We are guilty this week of something odd in a Sunday newspaper: we run the same headline on our front page, and we run an editorial on the same subject. We make no apology for doing so. "The Hillsborough Conspiracy" (Part II) follows on our astonishing revelations last week. Those detailed how a police constable's evidence was simply ignored by a judicial inquiry in 1997. His claim – that there was a conspiracy to get officers' stories straight, including wholesale re-writing of their statements – was true, we now know.
Today's exclusive report raises serious doubts about that inquiry even as it was set up. Jack Straw had promised in opposition to look again at the Hillsborough disaster. When he became Home Secretary, he – or, if he prefers, his officials – took just four weeks to conclude that there was no evidence to re-open the inquiry, and he backed them. Was that the best he could do in the face of bureaucratic obstruction, or was he following the line of least resistance? Or had he decided that taking on the vested interest of the police establishment would be politically risky?
Then, having decided the public would doubt this verdict coming from him – or, again, as he would put it, the Government – he "therefore" thought a senior legal figure should be appointed to review the evidence that had come to light since the report of the Taylor inquiry in 1990. Was this simply good government? Was it possible, having conveyed these doubts about a full inquiry to the judge at their initial meeting, that this didn't colour the judge's approach?
Maybe. Perhaps. The families of Hillsborough, though, smell a rat, particularly when Tony Blair had earlier scrawled on a memo from an adviser on the issue of reopening the case: "Why? What's the point?"
We headlined our leading article last week: "Our shame". We believe those guilty of failures which led to the families being denied the truth for 23 years include the London-based media, not excepting The Independent on Sunday. We failed to listen and investigate as we should have done.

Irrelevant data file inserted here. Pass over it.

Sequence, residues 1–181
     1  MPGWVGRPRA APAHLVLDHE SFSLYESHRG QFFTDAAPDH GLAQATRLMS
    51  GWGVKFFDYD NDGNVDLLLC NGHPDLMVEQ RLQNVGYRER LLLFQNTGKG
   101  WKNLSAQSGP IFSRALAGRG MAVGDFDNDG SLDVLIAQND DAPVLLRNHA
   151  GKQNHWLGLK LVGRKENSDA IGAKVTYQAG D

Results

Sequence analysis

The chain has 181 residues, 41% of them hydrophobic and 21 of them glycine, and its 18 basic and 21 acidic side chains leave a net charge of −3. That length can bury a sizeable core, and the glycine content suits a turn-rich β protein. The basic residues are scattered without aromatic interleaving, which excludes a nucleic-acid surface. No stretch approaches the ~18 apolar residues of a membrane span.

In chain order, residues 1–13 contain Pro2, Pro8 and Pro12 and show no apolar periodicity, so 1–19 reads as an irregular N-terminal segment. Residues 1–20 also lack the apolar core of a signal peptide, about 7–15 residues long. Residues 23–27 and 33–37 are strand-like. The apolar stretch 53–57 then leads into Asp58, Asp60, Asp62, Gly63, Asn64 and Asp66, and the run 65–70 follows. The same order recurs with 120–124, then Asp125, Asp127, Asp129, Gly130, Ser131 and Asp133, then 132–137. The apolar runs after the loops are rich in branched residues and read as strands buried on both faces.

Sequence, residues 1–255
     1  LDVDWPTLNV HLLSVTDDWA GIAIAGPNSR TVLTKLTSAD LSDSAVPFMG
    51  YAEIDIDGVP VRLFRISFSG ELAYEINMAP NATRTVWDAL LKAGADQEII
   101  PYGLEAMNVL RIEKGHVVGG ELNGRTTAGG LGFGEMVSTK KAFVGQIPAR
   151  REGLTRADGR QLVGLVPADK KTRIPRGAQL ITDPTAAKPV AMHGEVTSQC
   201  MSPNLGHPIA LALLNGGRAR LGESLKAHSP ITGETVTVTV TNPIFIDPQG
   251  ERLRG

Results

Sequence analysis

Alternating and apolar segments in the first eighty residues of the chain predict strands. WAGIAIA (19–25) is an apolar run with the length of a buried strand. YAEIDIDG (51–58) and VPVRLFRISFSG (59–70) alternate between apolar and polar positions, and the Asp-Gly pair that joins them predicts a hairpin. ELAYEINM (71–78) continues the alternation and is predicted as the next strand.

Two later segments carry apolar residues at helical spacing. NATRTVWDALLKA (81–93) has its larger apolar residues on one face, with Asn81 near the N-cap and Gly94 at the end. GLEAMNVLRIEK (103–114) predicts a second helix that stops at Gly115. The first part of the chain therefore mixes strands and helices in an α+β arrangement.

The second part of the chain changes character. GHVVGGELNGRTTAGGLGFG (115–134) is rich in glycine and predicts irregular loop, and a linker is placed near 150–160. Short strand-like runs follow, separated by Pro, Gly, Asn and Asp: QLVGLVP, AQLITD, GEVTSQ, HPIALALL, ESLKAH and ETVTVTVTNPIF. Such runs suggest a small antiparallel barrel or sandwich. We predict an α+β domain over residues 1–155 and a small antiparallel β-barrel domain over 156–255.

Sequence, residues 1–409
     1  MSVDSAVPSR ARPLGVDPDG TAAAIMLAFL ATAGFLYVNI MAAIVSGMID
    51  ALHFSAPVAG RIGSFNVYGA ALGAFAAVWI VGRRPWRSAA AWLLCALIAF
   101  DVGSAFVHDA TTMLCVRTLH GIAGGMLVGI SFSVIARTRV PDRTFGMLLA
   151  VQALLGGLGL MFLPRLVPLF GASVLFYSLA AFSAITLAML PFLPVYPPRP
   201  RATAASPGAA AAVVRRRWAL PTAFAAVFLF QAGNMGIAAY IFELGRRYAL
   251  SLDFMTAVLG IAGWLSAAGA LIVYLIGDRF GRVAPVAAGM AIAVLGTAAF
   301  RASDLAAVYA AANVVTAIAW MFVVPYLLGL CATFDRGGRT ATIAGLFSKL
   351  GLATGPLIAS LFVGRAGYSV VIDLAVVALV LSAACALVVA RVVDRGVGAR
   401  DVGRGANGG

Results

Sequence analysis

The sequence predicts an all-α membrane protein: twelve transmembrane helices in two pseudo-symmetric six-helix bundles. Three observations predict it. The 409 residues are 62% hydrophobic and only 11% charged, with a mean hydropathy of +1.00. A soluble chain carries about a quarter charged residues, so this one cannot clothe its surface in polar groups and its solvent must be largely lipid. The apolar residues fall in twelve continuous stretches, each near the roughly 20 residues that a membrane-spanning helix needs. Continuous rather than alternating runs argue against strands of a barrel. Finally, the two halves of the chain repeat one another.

Not only does Mr Straw seem to duck his share of responsibility for the scandal, except in the most fleeting of admissions, but he apparently passes most of the blame to Sir Murray Stuart-Smith, the very judge to whom he had said at their first meeting that the Home Office didn't think there should be a new inquiry. As we asked him about the affair, he quickly raised Sir Murray's awful gaffe with the families (a tasteless remark about the families arriving late, as some fans had done at Hillsborough) – the adept deflection of an old master. Had the judge done his job properly, he would have had a public inquiry, said Mr Straw. Not me, guv, has been the refrain of this fiasco.
Where is the humility, Mr Straw? The sense of responsibility from a Home Secretary who promised that he would get to the bottom of it, and who palpably failed? Much more admirable to stand up and say I was wrong and I am sorry. And what of Mr Blair? Just what could that scrawled comment mean?
The Independent Police Complaints Commission will investigate police conduct, including that of Sir Norman Bettison, the Chief Constable of West Yorkshire, and the Attorney General will look again at the inquest verdicts, but who will look at the role of the politicians in this sorry story? We need some answers from them.